Record high temperatures are gripping much of our country. While the heat may be uncomfortable to many of us, for the elders in our care it can be down-right dangerous.
As we age, our bodies cannot regulate body temperature as effectively as it once did. Medication and chronic illness can exasperate the body’s response to overheating. Staying indoors can help keep elders cool, but something that is often overlooked is drinking adequate amounts of fluids.
Growing older, certain medications and chronic disease affect the body’s ability to regulate body temperature and fluid balance. While we can’t control all factors, keeping an elder well-hydrated is within our realm of care.
Help Your Clients’ Hydrate
Getting elderly clients to drink beverages can be a challenge for many caregivers. An elder’s sense of thirst is diminished with age, they may forget to drink or fear incontinence and avoid drinking.
Encourage caregivers to try these tips:
Keep a pitcher or bottle of water nearby and remind the client to sip throughout the day. This can also be a tool for measuring daily water intake.
Link activities with drinking a beverage to help the elder remember. For example, drinking a glass of water after brushing teeth or while watching the daily news are habits that can be learned.
Liven up plain water with lemon or lime wedges, fresh cucumbers, berries or herbs.
Offer snacks that are high in moisture such as applesauce, oranges, melon or grapes. These foods are also good sources of electrolytes to help with fluid balance.
Serve foods like soups or smoothies for extras fluids at mealtime.
Plain Water is Just Too Plain
What if the elder doesn’t care for plain water? Don’t worry - milk, 100% fruit and vegetable juice, broth-based soups, coffee and tea are good ways to fill up on fluids. It is important to limit soda, sugary beverages and sports drinks because they add a lot of empty calories. Caffeine-containing beverages may interfere with sleep patterns or medications.
How Much Fluid is Enough?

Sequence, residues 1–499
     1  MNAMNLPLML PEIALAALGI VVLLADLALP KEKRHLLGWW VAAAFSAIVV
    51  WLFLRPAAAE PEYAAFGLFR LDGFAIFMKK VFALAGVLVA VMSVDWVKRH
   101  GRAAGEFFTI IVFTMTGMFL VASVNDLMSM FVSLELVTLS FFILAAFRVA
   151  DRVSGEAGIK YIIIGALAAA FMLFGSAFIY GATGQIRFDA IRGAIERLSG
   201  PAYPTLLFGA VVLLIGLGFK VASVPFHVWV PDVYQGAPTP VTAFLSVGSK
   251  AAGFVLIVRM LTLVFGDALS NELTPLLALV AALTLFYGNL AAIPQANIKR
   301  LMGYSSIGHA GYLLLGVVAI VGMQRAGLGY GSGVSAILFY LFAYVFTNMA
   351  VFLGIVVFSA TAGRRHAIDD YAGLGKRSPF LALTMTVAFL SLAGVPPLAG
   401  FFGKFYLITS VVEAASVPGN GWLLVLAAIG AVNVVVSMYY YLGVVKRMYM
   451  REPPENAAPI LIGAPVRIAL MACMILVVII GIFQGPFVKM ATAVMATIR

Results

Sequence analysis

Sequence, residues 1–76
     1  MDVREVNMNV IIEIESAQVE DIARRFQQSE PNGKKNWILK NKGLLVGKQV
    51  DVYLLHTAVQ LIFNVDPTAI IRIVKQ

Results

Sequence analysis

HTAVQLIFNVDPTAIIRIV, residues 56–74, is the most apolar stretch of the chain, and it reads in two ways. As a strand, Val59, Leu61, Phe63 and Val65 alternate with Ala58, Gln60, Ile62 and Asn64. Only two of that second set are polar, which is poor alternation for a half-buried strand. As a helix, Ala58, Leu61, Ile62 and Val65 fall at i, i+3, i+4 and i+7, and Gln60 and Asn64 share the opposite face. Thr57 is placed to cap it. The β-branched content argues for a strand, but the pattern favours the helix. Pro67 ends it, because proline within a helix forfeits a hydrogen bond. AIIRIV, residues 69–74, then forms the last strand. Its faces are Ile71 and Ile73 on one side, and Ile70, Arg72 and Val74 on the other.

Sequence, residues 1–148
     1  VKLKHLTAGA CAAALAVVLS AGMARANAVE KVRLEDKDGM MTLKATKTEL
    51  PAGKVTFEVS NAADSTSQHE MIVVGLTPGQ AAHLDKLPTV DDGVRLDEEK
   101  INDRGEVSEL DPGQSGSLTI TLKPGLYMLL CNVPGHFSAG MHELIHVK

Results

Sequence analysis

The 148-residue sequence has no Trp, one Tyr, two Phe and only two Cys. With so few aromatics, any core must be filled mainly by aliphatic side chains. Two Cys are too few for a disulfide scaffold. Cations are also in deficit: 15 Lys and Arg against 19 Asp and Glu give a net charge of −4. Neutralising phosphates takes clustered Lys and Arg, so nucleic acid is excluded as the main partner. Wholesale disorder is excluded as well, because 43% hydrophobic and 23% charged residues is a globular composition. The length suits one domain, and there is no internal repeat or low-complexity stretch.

The Institute of Medicine recommends that men over 50 consume almost 13 cups of beverages each day. Women over 50 should consume 9 cups daily. While these amounts seem daunting; it is important to keep in mind that many foods, especially fruits and vegetables, are high in moisture and count towards daily fluid intake. MyPlate for Older Adults recommends drinking eight cups of beverages each day.
Elders with heart failure, kidney disease or other chronic conditions may be asked to limit fluids. Always follow the care plan.
Along with regulating body temperature, adequate hydration is key for maintaining healthy blood pressure and heart rhythm. Fluids aid in the digestion of food and the removal of waste from the body. Fluid also helps to lubricate and cushion joints and protect sensitive tissue like the eyes.
Encourage caregivers to share the beautiful summer weather with their clients. Going for a walk or sitting on the patio will strengthen that special bond. Just remind caregivers to serve a refreshing glass of her favorite beverage afterwards.
Center for Disease Control and Prevention. Heat Stress in Older Adults. CDC, 13 July 2015. Web. 3 Aug. 2015. http://emergency.cdc.gov/disasters/extremeheat/older-adults-heat.asp
Institute of Medicine. Panel on Dietary Reference Intakes for Electrolytes and Water, Standing Committee on the Scientific Evaluation of Dietary Reference Intakes. Dietary Reference Intakes for Water, Potassium, Sodium, Chloride and Sulfate. Washington, D. C.: National Academy Press, 2005.
Tufts University. MyPlate for Older Adults. USDA-HNRCA. 2015. http://nutrition.tufts.edu/research/myplate-older-adults.
Chef Beth Scholer, CC, CDM, CFPP, is a food scientist, culinary instructor, author and founder of Caregivers Kitchen. She is passionate about empowering caregivers to make positive nutritional changes and mealtime meaningful for those in their care. She can be reached at firstname.lastname@example.org.